The different belts colours help other judoka’s and Sensei’s identify the level of skill and knowledge that each other have and a lower grade judoka should always show humble respect to their superiors letting them always go first in practice and listen to their advice. A higher graded judo student “judoka” should never attempt throws on a lower ranked student that is not confident in that technique as we must look after each other. It is the responsibility of higher ranked judoka’s to keep everyone safe. Up to brown belt, the grades are awarded on the achievement of technical skills laid down in the syllabus. Examinations for these grades are carried out within the club. Promotion to and within the black belt grades normally requires a demonstration of contest skills as well. Judo is also suitable for people with a range of disabilities, including visual impairment (to any degree), cerebral palsy, downs syndrome, autism, hearing impairment. The syllabus is adapted to take account of what the player can achieve.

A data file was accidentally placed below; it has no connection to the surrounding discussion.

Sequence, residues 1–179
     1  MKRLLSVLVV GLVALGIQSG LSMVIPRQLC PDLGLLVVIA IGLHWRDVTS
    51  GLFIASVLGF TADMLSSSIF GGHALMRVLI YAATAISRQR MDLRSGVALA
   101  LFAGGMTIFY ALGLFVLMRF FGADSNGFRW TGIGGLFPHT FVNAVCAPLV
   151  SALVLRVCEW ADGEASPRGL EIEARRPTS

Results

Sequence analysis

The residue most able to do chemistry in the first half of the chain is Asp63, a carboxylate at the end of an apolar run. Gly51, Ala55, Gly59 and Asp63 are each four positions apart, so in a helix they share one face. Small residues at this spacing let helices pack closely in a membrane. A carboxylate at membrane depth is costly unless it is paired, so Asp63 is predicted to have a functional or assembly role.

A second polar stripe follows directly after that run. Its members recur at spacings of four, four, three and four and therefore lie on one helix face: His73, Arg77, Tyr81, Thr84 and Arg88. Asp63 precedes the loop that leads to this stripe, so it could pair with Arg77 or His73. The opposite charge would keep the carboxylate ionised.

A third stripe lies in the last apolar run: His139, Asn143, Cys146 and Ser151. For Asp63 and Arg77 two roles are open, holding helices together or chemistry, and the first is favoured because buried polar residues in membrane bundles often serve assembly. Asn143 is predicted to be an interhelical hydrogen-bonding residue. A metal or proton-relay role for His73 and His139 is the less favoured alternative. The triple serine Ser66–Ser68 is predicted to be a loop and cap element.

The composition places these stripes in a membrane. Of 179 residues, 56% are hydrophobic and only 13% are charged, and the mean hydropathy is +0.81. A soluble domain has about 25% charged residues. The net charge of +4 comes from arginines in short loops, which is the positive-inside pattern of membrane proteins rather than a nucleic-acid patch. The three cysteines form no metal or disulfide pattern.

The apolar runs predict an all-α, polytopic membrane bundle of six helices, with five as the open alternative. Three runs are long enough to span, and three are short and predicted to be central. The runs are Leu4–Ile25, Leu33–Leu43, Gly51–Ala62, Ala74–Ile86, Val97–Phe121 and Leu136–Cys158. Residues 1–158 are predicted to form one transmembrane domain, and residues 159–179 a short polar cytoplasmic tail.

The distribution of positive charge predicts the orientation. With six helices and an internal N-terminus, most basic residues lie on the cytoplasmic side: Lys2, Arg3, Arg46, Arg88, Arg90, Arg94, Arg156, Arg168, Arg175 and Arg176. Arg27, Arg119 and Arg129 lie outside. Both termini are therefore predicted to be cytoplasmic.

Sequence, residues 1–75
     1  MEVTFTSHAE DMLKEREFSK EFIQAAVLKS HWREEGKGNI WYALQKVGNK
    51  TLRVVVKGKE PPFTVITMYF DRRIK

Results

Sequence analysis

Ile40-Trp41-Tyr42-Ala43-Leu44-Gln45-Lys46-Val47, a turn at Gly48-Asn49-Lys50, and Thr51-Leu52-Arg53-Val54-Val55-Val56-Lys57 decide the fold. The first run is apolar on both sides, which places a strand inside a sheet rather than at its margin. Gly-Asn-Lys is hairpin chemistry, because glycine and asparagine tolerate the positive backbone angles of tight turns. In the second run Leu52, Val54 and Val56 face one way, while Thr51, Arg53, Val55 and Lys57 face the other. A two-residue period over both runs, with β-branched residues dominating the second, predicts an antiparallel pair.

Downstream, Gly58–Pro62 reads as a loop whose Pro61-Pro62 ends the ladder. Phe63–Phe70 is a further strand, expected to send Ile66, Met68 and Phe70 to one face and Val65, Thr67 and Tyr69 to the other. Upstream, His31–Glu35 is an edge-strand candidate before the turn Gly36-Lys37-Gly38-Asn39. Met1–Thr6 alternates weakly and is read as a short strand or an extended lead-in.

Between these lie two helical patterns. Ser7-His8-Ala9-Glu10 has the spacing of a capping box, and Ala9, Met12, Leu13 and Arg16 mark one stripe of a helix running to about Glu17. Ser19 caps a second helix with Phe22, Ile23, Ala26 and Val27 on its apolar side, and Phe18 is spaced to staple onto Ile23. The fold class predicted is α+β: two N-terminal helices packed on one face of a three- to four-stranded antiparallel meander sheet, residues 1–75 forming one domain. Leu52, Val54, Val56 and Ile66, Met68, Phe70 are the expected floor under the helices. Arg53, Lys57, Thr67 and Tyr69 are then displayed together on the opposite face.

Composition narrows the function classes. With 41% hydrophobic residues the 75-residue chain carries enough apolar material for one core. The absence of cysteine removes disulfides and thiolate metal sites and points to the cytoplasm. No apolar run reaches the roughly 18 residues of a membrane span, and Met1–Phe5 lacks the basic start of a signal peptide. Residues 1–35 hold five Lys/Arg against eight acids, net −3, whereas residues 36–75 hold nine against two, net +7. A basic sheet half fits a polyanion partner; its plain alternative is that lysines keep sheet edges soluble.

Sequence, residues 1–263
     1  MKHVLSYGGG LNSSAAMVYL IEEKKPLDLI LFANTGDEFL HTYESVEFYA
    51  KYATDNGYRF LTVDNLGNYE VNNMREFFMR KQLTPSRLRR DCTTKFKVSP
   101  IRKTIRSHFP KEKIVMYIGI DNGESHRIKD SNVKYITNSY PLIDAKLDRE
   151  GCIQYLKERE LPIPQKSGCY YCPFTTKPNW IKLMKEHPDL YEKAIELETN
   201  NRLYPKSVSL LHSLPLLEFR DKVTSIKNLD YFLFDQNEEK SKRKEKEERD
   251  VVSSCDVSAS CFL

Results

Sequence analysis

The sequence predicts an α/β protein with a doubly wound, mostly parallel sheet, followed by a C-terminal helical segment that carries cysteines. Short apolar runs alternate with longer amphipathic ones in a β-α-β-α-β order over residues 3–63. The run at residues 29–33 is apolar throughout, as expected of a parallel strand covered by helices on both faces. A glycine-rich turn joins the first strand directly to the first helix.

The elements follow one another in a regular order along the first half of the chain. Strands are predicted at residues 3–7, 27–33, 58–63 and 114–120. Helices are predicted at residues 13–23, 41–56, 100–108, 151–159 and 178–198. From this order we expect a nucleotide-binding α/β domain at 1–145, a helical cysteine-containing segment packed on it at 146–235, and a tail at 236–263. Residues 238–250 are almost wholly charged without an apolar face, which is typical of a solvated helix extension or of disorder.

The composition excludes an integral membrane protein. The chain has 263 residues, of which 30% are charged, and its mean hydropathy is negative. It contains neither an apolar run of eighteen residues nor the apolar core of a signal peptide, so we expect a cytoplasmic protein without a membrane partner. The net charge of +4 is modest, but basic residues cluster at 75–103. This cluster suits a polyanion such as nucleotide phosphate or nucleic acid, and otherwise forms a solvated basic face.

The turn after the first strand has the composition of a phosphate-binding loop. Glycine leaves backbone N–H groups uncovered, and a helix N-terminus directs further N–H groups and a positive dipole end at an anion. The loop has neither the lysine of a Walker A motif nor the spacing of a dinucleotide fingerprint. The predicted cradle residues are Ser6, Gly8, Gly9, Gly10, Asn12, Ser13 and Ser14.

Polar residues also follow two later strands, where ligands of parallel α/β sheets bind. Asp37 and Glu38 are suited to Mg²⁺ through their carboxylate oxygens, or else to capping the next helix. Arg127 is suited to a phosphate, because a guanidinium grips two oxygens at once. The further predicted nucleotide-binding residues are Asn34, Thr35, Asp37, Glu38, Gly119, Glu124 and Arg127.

There are five methods of obtaining promotion within the sport of Judo. They are as follows:

1. Contest and Knowledge.
2. Knowledge of the Art with Service to the Sport of Judo.
3. Knowledge of the Art of Judo.
4. Outstanding Achievement in the Sport of Judo at International Level.
5. Outstanding Achievement in the Sport of Judo at National or State/Territory Level.

Grading for belts up to and including Brown Belt (1st Kyu) is done at club level. Grading for all Dan grades is done in front of a panel of grading officials, typically consisting of the higher Dan-grade holders.